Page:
Undaunted, there was plenty to do and see including a small zoo with penguins, snakes, monkeys and some very noisy parakeets! A tour of the House was another option, so we dispersed to occupy ourselves until the Lights were turned on at 4pm.

The 'Lights' were based upon a theme of Fairy Tales, and the many illuminated tableaux were quite spectacular when illuminated but the accompanying music was a trifle wearing (my opinion!). A selection of photographs will has been placed in the website Gallery.

We were most fortunate that although cold and a little damp at times we didn't get the heavy rain which obviously had fallen in Alton judging by the volume of water on the roads on our homeward journey. We arrived back in Alton just before 8pm after a most enjoyable day.

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Report on the U3A Excursion – “The Tunnel Tales of Old London Town”

Even our driver Paul was amazed at the lack of traffic as we negotiated the streets of London heading to Rotherhithe and the Brunel Museum. This was the first port of call on our latest U3A excursion on Sunday 3rd of September and demonstrated that Sunday was indeed an excellent day for a visit to the Capital.

For probably the first time ever we actually arrived early at the agreed rendezvous with Doug, our Blue Badge guide. Disembarking from the coach we walked a short distance towards the Thames to enjoy coffee and biscuits at The Mayflower public house (see Gallery), a wonderful old building dating back to 1640. With thirst and natures needs both satisfied, we headed to the nearby Brunel Museum which is housed in the Rotherhithe shaft of the world’s first tunnel under the Thames and indeed any navigable river in the world which was constructed between 1824 - 1842.

Our guide explained in considerable detail that responsible for its construction was Marc Isambard Brunel, a Frenchman, the father of the rather better known engineer, Isambard Kingdom Brunel.

Taking eighteen years to construct the tunnel, Marc had to overcome the almost insurmountable problems encountered, major amongst them was his creation of an ingenious method of tunnelling. The constant ingress of water from the river above required continuous pumping. In May of 1827 an inundation of water flooded the tunnel to a considerable depth which fortunately caused no fatalities. To ascertain the cause of the flooding, Marc himself was lowered into the Thames in a diving bell. He found that dredgers working above the tunnel had ruptured it invented an ingenious and satisfactory way of patching the hole

A second far more serious flooding took place in January 1827 causing six deaths. Combined with serious financial problems work ceased for five years and was eventually completed in 1842.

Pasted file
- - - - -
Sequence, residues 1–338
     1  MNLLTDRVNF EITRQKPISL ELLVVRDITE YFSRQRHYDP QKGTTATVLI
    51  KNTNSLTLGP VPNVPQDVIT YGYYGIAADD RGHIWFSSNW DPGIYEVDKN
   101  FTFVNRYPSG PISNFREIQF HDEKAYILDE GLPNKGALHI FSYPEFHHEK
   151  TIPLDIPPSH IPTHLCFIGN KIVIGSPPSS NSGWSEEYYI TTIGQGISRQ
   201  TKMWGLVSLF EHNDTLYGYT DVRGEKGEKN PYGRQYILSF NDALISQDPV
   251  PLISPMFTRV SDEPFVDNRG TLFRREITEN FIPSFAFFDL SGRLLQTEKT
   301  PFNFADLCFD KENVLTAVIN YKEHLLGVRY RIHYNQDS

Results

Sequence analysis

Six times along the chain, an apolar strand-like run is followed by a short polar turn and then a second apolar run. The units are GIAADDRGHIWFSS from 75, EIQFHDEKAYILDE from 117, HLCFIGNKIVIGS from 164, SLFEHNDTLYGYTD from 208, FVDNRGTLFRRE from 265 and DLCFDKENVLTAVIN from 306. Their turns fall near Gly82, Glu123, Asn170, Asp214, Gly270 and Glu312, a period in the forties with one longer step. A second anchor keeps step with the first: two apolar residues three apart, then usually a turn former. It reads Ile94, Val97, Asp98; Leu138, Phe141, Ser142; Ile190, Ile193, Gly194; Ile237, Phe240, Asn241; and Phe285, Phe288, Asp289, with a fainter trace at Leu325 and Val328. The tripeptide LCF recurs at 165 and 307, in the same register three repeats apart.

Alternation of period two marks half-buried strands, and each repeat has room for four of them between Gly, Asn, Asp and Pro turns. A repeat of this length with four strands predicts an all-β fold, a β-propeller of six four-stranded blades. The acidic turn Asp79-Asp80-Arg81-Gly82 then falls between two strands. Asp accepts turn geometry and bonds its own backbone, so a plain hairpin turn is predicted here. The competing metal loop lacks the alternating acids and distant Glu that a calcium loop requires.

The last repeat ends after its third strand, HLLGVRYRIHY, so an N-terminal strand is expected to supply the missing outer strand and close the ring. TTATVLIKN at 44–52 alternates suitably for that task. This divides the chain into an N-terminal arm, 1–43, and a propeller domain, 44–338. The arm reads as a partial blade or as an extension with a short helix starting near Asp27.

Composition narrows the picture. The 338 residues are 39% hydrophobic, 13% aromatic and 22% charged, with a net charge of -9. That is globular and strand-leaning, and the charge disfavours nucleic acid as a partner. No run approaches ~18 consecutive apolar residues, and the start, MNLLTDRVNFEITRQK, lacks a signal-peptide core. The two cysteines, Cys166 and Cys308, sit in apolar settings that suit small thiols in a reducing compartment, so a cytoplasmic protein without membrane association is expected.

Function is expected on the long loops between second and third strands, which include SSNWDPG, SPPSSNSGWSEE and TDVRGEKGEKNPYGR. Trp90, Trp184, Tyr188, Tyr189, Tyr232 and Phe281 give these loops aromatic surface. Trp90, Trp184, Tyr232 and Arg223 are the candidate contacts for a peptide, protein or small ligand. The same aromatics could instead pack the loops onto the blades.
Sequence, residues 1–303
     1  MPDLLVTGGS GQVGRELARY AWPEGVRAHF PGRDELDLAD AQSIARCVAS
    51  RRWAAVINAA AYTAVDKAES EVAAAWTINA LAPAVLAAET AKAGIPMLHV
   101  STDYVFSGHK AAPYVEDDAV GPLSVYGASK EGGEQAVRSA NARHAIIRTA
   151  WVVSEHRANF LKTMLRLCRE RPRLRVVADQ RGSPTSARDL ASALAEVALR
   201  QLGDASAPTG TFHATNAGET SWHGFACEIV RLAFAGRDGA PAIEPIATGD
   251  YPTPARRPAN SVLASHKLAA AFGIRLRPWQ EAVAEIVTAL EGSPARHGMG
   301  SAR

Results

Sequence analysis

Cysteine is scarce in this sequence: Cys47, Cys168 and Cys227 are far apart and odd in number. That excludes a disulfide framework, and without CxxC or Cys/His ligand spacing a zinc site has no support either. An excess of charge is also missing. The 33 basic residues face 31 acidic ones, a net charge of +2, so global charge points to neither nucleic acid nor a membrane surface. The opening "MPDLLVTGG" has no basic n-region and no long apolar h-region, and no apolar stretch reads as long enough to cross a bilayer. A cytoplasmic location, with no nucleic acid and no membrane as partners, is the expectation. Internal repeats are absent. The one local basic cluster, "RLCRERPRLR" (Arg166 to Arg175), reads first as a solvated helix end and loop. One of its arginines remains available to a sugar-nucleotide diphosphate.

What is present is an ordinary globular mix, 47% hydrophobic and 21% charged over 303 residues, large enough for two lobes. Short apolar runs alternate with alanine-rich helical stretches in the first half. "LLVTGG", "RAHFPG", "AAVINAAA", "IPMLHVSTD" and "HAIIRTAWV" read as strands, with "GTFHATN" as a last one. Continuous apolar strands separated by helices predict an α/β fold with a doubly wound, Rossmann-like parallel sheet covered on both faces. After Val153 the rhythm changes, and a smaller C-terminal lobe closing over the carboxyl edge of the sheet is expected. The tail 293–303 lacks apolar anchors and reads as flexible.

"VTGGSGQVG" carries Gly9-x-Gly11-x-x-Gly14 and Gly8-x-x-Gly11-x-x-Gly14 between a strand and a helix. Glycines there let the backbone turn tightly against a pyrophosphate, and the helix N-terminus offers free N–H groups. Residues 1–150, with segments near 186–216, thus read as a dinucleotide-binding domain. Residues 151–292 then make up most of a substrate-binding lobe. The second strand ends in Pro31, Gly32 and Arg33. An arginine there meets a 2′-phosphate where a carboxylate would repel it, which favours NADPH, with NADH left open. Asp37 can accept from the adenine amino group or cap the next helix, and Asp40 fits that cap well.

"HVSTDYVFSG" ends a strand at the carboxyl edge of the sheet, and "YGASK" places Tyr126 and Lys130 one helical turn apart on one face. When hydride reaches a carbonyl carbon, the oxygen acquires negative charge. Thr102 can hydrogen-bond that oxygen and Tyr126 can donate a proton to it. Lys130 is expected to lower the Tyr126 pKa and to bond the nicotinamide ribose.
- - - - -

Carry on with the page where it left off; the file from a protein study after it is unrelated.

When completed the tunnel was quickly utilised to cross under the wide river allowing the more efficient loading and unloading of the hundreds of sailing ships which would be docked on either side, sometimes taking several weeks before some of them could be worked upon.

Boarding our coach, we then travelled to Canary Wharf to visit the London Docklands Museum where an exhibition of “The Archaeology of Crossrail” has been drawing the crowds to view some of the many thousands of artefacts that have been unearthed in this mighty project.

Heading out to the M25, the rain which had threatened for the latter part of the day finally caught up with us as we made our way homewards at the end of an extremely interesting day out.

Contributed by Steve Barnes

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TRIP TO FROGMORE HOUSE AND SAVILLE GARDENS

Recently fifty-one U3A members enjoyed a trip to Frogmore House and Saville Gardens. It started with an unscheduled special bonus, when we had a coach ride alongside the Thames and through Windsor High Street beside the Castle.

Frogmore House and Gardens are only open to public groups for three weeks every year in August. When the Queen is resident at Windsor, she uses it as her private gardens and an area to exercise her dogs. The house was built in the 1680’s and was extended by Queen Charlotte and George III to a design by James Wyatt. Since then it has been used as a Royal retreat. Various members of the Royal Family have lived there over the years. Our very knowledgeable guide bewildered us with all their names and relationships and also told us about the decoration and contents of the house. There is an enormous collection of paintings, furniture, inlaid boxes and beautiful ornaments. In the 1930’s Queen Mary had arranged it as a private museum.

We then departed for a short journey to Saville Gardens, which is part of the Royal Estate. An area had been set aside for us in the Tea Rooms. Suitably refreshed, we separated and toured around the gardens at our own pace and inclination. There was much to see: parkland, lakes and trees of every size – herbaceous borders, parterres, rockeries, flowerbeds and shrubs, all with their names clearly labelled.

Although there were a lot of visitors, it never seemed crowded. However, my wife was a bit upset, because she couldn’t find the “Hidden Garden.” After another cup of tea we all returned home, tired but happy, having enjoyed another smoothly organised excursion.

Paul Fenwick.....20th August 2017

Thank you for your most interesting report Paul.....Did anyone take some photo's?